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Today’s scripture reading from Romans 8:12-25 reminds us that while what we see all around us every day – human tragedy, strife, conflict, illness, and death – are signs of this life in the flesh, as children of God we are heirs to a future we do not yet fully see. The apostle Paul never claims that the lives of Christ’s followers will be trouble-free. In fact, he acknowledges the very real suffering at the heart of the life of faith. Yet these are not worth comparing with the glory that is yet to be revealed (vs. 18). Paul is convinced that nothing in all creation is able to separate us from the love of God in Christ Jesus our Lord (see verses 31-39), a powerful reminder for us to always remember who we are.

Bishop Minerva Carcaño and other interfaith leaders have called us to pray and act on behalf of unaccompanied migrant children. There is a humanitarian crisis at our borders and many of the thousands of children making the arduous journey north are refugees fleeing the violence of gangs, drug cartels, and severe economic conditions in Central America.

In many instances, the lives of these children have become so unbearable that they have little hope but to flee. Bishop Carcaño has reminded us that how we receive these unaccompanied children will determine whether our witness bears the heart of Jesus who said, “Let the little children come to me, and do not hinder them, for the kingdom of God belongs to such as these” (Matthew 19:14b).

We are a people who live by hope! We hope for what we do not yet see – creation set free from the bondage of decay, the redemption of our whole selves, and the inheritance of the children of God. We hope for a world where vulnerable children do not have to flee their homes in order to merely survive.

Hope always moves us forward into God’s future! Hope helps us endure the suffering of the present age knowing that God even now is at work to redeem all of creation. Hope gives us a restless heart, because it is a yearning for a more peaceable and just world than currently exists. We can’t create this new world ourselves, but we can join God in the places God’s kingdom is coming and God’s will is being done on earth as it is in heaven.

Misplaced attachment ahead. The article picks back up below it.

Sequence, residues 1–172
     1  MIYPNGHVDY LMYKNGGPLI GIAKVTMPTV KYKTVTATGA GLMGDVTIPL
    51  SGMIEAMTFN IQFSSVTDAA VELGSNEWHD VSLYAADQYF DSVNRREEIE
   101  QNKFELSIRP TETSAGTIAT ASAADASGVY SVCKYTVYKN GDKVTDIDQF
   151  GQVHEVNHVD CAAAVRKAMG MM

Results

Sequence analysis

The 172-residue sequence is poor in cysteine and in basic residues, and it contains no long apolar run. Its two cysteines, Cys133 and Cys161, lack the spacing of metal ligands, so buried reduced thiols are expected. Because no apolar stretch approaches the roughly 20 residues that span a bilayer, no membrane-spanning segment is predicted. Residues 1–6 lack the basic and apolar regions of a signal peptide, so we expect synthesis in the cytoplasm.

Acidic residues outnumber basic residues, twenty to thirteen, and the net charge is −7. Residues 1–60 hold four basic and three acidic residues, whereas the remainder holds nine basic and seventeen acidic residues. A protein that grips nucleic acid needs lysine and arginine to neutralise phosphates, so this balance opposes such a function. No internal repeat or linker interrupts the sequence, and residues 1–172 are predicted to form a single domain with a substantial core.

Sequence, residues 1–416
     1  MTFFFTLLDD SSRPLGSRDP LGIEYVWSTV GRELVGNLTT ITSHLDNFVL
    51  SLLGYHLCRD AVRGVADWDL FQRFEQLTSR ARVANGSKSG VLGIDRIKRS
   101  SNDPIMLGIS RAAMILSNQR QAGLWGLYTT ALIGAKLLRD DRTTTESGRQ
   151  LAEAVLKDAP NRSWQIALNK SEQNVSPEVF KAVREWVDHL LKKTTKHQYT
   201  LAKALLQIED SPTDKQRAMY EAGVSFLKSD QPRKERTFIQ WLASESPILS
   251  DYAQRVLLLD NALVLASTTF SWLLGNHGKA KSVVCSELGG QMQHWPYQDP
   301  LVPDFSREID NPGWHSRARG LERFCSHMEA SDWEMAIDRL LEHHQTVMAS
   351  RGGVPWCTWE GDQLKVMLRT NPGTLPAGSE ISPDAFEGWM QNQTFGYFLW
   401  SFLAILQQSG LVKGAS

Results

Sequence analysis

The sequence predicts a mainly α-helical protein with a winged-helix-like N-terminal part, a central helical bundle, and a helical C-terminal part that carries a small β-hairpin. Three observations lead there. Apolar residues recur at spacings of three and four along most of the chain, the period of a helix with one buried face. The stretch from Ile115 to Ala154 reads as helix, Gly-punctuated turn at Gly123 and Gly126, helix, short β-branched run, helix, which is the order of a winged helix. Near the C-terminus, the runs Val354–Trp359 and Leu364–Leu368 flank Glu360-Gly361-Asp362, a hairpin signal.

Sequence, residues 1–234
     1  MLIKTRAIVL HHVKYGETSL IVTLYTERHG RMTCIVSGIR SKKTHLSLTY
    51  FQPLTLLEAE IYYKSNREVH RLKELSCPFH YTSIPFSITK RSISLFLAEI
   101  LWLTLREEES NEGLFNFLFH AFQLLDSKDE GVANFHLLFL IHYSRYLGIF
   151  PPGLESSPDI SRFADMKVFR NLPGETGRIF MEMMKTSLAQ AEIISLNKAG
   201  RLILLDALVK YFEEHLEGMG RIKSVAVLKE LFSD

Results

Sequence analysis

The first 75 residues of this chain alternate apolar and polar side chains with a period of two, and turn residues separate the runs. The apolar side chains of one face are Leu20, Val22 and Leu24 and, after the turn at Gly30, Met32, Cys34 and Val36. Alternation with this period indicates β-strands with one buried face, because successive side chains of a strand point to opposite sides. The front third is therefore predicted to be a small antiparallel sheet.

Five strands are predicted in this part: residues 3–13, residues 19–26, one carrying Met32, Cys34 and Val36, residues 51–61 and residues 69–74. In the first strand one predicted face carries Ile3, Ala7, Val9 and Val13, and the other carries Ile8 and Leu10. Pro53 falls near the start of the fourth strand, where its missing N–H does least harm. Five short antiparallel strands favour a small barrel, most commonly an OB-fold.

The American prophet William Sloane Coffin once observed: “God is as much ahead of us as within and above us. When asked, ‘Where do you stand?’ Jews and Christians should probably reply, ‘We don’t; we move!’ Both should regard themselves, if not as permanent revolutionaries, at least as pilgrim people, people who have decided never to arrive, people who live by hope, energized not by what they possess but by what is promised: ‘Behold, I create new heavens and a new earth’ (Isa. 65:17)” (“People Who Live by Hope,” The Living Pulpit, July-September 2006, pp. 23-24).

As people of hope, we lean forward into what God is bringing to pass, even though we do not yet fully see it. We have been adopted into God’s purposes and become heirs of God and joint heirs with Christ. We see the suffering of the world, and we don’t just take a stand; we move out into the world with the grace of the One who loves us with an everlasting love. We hope, because God has not abandoned us, and God has not abandoned the children who want nothing more than to live beyond childhood.

We also groan inwardly, along with all creation, while we wait for God’s redeeming purposes to come to fuller fruition. Hope saves us from a sense of futility or desperation. Hope saves us from throwing in the towel. Hope saves us from our own worst instincts of protecting life only for ourselves and those we love.

Hope calls us toward greater faithfulness, deeper compassion, and a more just and humane world where all of God’s children are given the possibility of life in its fullness. Hope calls us toward beloved community where we live in relationship with God in ways that give us freedom, joy, and life abundant enough to be shared.

Let us be a people who live by hope!

Words (c) 2014 Mark Lloyd Richardson